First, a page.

I have been playing with language apps over the weekend. As you may know, if you have been on training courses with me, or in my classroom, I am an unconditional fan of Triptico. I use it in virtually every lesson, for creating groups, for designating students, for modifying seating plans in the classroom, for testing vocabulary, for practising questions … the list is endless. I am still discovering the full potential of the package. I have also introduced it to many fellow teachers and also to our English language assistants on our training programmes. I hope that through the use of this tool, kids will be having more and more fun as they learn.
I have been playing with Quizlet over the weekend and discovering what I can do with this tool too, in ways that will be complementary to my use of Triptico. Quizlet is a vocabulary learning tool and it basically creates virtual flashcards which can then be accessed by others to practice the vocabulary in game form. Teachers can create card sets but also students. They can share them among themselves and when they play games, they are given a score. these scores can be collated into a table, with classifications.
There is a free version of Quizlet and a paying version. I have actually opted for the paying version because I wanted to explore the potential of the voice function, which is available in the paid version only. But that is my personal choice. If you want to know more about Quizlet, you can find some examples that I have prepared for my students HERE as part of our e-book project. If you are interested in the e-book project itself, you can click HERE. You would be welcome to visit and any feedback before I go live with the kids next week would be appreciated.
For more information on using Triptico and other tools in the classroom, you might like to check out my “Technology in the Classroom” pages HERE.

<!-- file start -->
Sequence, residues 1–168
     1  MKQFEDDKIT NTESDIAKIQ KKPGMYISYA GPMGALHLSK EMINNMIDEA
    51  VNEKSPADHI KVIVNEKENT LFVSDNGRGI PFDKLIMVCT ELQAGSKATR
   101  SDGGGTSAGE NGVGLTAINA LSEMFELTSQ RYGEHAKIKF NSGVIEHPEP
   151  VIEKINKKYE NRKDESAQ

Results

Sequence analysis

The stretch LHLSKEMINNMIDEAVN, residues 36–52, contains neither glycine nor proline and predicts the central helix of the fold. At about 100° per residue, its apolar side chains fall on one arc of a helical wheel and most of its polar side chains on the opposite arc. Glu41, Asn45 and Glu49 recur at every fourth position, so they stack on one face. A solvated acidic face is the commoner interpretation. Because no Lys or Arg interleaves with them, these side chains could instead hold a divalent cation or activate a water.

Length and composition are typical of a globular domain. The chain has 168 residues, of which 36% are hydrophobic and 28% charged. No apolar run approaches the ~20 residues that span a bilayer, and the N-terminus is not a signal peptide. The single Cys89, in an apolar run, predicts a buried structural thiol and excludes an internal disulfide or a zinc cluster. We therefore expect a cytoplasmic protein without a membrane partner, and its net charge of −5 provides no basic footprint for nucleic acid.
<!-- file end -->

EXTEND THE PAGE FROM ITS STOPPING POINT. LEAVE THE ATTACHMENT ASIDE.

I really like this activity that I am going to talk about now, called “My Writing Jar”. It involves literally a jam jar, filled with random (or seemingly random) words. The students pick out a certain number per table and they have to make up a story with a beginning, a middle and an end, incorporating those words. It is such a simple idea but it works brilliantly every time. You can vary it by getting the pupils to add their own words to the jar, if you prefer.
Well, now that I have switched back on again, I thought I would start things up again with something that happened this morning in the first hour back at school. My Terminale students, sweet as they are, have terrible trouble switching from positive to negative to present to past to future – simple grammar mnipulation stuff but which is actually really difficult. So I wanted to give them some practice – but in a fun way. Here is what we did.
I had anticipated the activity by selecting a time expression for each side of the dice, so
1 = yesterday
2 = tomorrow
3 = at the moment
4 = three weeks ago
5 = on Wednesdays
6 = next week
Other choices could be made but I wanted to cover past, present and future. So, when the students rolled the dice, they then had to manipulate the tenses to use their verb in the appropriate tense.
To make it harder still, I produced my cards. On these cards, I had drawn a plus sign, a minus sign and a question mark. For each student, they had to manipulate the tenses of the sentences and then also make the sentences negative, positive or interrogative. It was a fun and engaging game and at the same time, provided valuable practice for jumping from one tense to another.
The next stage (which we didn’t have time to do unfortunately) would be to get the students to write some of their sentences down from memory. Also, I had planned to split into smaller groups to avoid playing in a whole class situation and to increase speaking time, but again, time ran away with us.
Great fun – minimum preparation time – endless possibilities for playing this game over and over. And one final advantage, it is the sort of game which, next time, could be totally pupil-led. Always a good sign.